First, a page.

More than six years ago, my platform for my school board election consisted of the call for new mariachi uniforms, adequate football equipment, and improved parent engagement. Notice that none of the three was about student achievement, but my campaign message spoke volumes to a community tired of feeling neglected. It got me elected in a community that could not articulate the concept of equity but could feel every bit of inequality and injustice in their neighborhood schools. Equity work ought to be rooted in being honest about the inequities built into our country and, for educational leaders, an acknowledgement of inequities built into our educational system.

CUBE just hosted its 52nd conference in September in Miami, Florida. Our content was focused on the need for a continued dialogue on racial/ethnic equity. Fort Worth ISD Superintendent Kent P. Scribner often states, “The demographics aren’t changing; they have changed.” The need for a clear understanding of what racial equity truly means is overdue as well as a commitment to keep it on the table because equality is not (yet) a reality.

Equity implies that resources must be distributed differently based on need, not convenience. In many communities, academic achievement is still predictable by skin color, ZIP codes, gender, income, and other reasons.

My colleague, Shawn Lassiter, describes learning about race as similar to strengthening a muscle. School board members can strengthen their “muscle” on race and equity through anti-racist professional development. Race isn’t rocket science; it’s harder than rocket science.

jacinto ramos sits on a panel with two other speakers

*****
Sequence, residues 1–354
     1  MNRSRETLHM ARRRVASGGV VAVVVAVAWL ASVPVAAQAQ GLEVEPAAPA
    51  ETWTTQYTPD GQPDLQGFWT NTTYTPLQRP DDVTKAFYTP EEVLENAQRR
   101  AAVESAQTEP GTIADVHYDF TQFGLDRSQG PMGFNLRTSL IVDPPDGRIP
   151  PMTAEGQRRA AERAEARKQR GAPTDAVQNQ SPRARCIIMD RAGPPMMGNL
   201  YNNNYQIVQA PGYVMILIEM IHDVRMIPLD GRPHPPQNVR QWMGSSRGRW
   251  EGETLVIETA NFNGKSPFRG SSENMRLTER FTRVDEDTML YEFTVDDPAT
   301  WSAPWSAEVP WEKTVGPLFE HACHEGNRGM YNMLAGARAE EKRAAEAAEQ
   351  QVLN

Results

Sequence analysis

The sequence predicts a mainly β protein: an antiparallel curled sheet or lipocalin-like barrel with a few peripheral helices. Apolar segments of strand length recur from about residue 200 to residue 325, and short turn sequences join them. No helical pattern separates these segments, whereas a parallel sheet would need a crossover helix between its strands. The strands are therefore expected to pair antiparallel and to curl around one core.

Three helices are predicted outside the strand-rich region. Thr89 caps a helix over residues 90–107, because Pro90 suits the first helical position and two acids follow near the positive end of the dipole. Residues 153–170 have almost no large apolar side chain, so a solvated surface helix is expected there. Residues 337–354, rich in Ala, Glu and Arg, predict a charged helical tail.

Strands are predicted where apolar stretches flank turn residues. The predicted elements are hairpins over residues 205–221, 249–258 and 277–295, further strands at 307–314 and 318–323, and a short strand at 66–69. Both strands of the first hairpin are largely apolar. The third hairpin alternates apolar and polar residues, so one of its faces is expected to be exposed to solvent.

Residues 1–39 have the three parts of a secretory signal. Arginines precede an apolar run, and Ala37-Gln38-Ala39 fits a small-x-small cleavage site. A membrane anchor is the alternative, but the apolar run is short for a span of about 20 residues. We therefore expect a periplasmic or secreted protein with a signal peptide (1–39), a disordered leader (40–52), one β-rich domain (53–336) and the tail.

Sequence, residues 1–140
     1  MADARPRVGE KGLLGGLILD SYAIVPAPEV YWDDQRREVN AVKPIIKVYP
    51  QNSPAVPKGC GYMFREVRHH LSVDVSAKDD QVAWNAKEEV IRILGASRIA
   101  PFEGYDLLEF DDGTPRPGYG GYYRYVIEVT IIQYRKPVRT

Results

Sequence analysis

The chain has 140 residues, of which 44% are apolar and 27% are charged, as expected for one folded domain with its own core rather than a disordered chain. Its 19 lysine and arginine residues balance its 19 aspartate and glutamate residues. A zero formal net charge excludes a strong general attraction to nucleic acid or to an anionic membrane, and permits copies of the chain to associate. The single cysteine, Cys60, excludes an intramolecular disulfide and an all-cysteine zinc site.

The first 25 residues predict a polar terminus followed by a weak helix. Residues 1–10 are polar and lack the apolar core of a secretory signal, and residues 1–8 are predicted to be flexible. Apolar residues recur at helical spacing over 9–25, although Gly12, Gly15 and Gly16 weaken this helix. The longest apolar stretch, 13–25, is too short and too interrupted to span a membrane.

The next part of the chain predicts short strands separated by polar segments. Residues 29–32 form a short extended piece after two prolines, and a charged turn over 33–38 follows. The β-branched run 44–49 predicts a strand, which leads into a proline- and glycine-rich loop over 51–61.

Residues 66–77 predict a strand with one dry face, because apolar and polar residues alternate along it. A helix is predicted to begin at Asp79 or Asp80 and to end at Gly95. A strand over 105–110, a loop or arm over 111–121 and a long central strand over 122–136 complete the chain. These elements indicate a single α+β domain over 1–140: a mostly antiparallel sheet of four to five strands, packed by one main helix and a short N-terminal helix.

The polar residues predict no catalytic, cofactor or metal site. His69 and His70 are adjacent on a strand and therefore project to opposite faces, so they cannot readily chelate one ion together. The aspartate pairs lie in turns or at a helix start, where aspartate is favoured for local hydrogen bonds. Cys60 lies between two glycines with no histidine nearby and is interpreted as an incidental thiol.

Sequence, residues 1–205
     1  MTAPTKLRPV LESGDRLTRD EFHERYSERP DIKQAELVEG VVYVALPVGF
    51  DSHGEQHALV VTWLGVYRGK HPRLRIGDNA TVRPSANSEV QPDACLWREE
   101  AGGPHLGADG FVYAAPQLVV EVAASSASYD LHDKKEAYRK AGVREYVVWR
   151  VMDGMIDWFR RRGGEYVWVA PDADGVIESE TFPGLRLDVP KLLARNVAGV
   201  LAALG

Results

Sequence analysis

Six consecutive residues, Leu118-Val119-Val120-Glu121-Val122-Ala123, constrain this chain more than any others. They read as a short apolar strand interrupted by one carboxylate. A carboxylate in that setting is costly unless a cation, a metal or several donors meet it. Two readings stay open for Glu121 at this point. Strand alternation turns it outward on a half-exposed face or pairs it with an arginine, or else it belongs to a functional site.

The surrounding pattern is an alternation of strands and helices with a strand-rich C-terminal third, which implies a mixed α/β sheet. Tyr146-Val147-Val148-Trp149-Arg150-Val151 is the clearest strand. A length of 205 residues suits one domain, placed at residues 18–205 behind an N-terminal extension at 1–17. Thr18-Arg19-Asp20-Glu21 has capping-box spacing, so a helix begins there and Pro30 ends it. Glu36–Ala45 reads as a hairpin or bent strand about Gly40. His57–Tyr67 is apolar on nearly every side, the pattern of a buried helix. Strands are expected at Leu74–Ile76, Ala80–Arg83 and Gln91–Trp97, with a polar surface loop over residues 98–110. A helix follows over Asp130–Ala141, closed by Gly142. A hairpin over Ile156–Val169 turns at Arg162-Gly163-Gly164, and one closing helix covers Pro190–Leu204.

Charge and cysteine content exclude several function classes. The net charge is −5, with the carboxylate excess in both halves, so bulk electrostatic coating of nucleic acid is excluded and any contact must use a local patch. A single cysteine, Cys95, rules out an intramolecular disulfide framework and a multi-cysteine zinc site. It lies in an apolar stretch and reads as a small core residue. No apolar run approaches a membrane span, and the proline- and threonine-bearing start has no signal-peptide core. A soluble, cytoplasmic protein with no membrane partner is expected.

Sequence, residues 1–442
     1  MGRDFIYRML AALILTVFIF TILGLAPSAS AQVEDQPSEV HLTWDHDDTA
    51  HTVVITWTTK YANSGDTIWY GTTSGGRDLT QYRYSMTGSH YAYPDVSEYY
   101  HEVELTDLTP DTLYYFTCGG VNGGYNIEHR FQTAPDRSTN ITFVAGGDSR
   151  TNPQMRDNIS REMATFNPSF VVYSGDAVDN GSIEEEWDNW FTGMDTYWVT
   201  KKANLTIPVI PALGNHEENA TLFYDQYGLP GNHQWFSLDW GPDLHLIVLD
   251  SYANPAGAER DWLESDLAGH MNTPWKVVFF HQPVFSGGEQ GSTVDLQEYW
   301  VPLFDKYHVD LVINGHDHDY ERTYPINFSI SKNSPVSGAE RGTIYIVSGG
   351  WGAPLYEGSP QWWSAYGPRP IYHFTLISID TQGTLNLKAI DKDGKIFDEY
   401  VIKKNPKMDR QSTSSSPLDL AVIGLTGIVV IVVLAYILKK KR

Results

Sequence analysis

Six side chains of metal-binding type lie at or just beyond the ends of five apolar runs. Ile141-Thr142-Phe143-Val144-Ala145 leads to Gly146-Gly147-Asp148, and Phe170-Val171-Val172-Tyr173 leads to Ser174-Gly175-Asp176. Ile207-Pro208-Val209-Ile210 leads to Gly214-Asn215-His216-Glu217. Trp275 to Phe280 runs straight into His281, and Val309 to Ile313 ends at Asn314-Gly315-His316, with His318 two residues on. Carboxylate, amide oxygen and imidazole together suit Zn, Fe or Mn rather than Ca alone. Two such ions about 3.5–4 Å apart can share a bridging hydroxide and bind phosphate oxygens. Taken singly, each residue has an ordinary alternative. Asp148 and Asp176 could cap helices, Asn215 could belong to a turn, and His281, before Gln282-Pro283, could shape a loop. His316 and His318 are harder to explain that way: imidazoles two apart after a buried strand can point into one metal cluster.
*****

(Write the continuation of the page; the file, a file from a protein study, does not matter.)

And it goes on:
Jacinto Ramos Jr. with civil rights activist Delores Huerta and Fort Worth ISD Superintendent Kent P. Scribner

There is a reason we don’t teach about the social construct of race in our PK-12 school systems. Too many educational leaders are not doing the work to ingrain it in their system. It could be that equity is a tough topic for educational leaders both with internal and external stakeholders. School board members can lose their seats and superintendents can lose their jobs for doing equity work. No one said #WokeWork was easy work. We must move from safe spaces to brave spaces in order to get to compassionate spaces.

Martin Luther King Jr. defined power as the ability to achieve purpose. As school board members, we have the power to analyze, evaluate, and push our systems to recalibrate to the changed demographics through policy. We have the power to have an impact from the boardroom to the classroom so children can achieve their purpose.

You might want to consider a racial and ethnic policy if: your data is predictable by skin color; if children of color in your system cannot name five people of color (not actors or musicians) that look like them, who contributed to our society, and helped make our country what it is; if you cannot distinguish between race and ethnicity; if your schools still celebrate Columbus Day; and if your school system does not honor people such as Dolores Huerta, Yuri Kochiyama, and Ida B. Wells.

A racial/ethnic equity policy can be what the doctor ordered to create the space for authentic solidarity.

Around NSBA

a girl in a car with a mask on holding a teddy bear who also has a mask on

Aetna and Lyft to Give Schools Access to Essential Rides for Families

In collaboration with the National School Boards Association and Lyft, Aetna will give $100,000 in essential rides for families in school districts around the country to help families this school year.